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snowfarthing comments on An Alien God - Less Wrong

80 Post author: Eliezer_Yudkowsky 02 November 2007 06:57AM

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Comment author: snowfarthing 24 May 2011 06:33:12PM 4 points [-]

Is that 24:11 a literal figure for every single person, or is it just an average, over a a group of individuals?

Since the day/night cycles vary all around the planet, it would make far more sense, from a design standpoint, to worry more about the synchronization mechanism, than to get the exact sleep-wake rhythm correct.

Comment author: TitaniumDragon 24 February 2015 02:41:32AM 1 point [-]

It isn't literally that for every single person, but assuming you don't have a mutation in your chronobiological genes it is pretty close to that.

People with mutations in various regulatory genes end up with significantly different sleep-wake cycles. The reason that our bodies reset ourselves under sunlight is probably to help correct for our clocks being "off" by a bit; indeed, it is probably very difficult to hit exactly 24 hours via evolution. But 24:11 plus correction lets it be off by a bit without causing a problem.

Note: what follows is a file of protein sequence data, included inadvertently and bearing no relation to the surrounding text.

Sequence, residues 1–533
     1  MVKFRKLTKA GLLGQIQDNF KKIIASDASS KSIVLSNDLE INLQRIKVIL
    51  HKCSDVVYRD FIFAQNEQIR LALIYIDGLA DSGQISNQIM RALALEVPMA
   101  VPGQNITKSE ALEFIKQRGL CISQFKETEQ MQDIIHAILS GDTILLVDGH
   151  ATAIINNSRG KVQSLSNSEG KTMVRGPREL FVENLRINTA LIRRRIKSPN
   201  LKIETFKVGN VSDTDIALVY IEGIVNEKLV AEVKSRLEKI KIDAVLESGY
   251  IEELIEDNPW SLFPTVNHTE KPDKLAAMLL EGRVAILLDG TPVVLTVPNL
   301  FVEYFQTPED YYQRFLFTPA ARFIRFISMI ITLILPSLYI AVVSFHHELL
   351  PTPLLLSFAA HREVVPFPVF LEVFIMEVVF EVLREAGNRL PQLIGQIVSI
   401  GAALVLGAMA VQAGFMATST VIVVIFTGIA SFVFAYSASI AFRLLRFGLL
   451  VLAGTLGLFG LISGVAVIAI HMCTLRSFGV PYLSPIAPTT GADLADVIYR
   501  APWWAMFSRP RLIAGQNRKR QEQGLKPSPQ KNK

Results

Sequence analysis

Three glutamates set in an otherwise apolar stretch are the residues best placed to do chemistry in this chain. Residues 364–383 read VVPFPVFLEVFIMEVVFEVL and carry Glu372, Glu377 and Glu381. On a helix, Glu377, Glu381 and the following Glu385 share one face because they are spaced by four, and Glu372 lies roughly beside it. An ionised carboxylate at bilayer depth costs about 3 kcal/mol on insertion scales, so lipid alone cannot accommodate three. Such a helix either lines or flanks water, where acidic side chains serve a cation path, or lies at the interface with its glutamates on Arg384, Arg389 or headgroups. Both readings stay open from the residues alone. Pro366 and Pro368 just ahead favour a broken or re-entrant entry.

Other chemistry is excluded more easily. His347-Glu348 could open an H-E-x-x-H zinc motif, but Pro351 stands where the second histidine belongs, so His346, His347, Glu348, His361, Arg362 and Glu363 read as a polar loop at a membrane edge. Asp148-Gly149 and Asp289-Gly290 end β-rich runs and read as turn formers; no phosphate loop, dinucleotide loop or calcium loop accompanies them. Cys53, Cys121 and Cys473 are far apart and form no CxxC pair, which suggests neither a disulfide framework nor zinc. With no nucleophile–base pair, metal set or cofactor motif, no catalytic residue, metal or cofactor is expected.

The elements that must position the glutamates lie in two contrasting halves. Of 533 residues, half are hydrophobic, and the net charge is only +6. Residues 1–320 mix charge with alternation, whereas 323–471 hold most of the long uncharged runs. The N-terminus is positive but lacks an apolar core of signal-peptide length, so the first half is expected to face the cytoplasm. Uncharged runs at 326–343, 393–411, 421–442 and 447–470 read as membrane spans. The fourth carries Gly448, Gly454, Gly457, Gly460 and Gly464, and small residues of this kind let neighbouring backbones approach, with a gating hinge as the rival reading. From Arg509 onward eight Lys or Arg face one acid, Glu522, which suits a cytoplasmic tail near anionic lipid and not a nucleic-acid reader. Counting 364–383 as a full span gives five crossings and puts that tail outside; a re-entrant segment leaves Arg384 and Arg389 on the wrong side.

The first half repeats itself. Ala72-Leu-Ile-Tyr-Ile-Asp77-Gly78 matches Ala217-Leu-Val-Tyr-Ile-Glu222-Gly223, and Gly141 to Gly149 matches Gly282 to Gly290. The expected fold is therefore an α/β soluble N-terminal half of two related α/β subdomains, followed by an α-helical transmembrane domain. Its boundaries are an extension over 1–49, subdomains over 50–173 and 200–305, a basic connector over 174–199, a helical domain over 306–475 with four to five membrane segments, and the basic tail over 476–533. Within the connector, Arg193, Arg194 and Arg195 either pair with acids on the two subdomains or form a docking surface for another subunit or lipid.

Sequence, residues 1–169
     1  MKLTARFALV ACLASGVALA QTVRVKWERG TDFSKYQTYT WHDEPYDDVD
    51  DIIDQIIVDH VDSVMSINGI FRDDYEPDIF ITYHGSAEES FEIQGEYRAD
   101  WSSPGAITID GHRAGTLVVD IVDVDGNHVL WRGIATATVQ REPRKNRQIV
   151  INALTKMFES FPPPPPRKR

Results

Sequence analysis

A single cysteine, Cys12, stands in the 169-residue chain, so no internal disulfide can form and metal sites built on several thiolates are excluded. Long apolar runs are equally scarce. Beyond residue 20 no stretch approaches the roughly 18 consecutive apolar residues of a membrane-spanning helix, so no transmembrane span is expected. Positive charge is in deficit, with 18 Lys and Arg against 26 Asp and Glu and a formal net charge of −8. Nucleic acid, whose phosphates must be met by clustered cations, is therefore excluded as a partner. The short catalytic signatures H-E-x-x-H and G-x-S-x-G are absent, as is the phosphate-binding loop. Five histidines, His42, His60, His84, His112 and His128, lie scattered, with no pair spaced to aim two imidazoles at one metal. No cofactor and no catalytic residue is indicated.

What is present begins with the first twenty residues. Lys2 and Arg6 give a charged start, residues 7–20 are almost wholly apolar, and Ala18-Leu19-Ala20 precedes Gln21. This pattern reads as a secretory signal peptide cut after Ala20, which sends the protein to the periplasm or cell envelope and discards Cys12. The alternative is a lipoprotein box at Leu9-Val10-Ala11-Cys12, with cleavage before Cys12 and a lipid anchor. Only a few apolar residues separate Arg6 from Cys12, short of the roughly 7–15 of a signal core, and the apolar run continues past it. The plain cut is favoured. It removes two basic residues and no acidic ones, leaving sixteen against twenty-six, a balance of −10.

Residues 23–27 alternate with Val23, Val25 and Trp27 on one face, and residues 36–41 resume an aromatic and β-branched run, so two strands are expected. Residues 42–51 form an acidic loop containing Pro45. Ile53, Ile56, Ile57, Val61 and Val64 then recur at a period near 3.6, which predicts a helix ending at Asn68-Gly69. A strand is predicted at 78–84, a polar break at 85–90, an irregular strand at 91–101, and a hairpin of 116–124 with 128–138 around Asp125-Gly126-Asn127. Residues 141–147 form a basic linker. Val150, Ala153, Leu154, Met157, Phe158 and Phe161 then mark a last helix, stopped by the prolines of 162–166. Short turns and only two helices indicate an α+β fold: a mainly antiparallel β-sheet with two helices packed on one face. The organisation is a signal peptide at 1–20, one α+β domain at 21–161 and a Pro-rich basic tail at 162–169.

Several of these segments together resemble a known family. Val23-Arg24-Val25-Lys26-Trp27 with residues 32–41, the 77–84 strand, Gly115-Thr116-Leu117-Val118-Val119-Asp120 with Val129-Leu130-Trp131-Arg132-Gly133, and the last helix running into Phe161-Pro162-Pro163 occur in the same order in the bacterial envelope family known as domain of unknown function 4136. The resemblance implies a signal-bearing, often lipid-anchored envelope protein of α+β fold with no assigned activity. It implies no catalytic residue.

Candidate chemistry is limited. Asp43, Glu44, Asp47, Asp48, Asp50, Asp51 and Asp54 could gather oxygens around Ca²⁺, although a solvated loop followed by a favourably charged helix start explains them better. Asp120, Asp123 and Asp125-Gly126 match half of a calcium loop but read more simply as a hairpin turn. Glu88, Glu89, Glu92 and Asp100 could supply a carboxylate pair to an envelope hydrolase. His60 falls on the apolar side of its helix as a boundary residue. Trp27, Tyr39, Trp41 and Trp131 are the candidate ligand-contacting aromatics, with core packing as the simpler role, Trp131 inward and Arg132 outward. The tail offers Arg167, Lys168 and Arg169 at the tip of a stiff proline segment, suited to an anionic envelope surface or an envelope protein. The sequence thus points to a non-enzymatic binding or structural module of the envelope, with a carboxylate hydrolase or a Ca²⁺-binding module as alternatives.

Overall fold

Good enough is probably better than perfect in this case, both because it means that mutations to the clock are less deleterious (thus those who have mutated clock genes are more likely to survive if they have said adjustment capability, meaning that the adjustment gene is even more strongly selected for) and because it means that we can travel and adjust to new time zones. For most creatures, this doesn't matter, but for creatures which travel long distances, this is a real advantage for staying on the proper day/night cycle.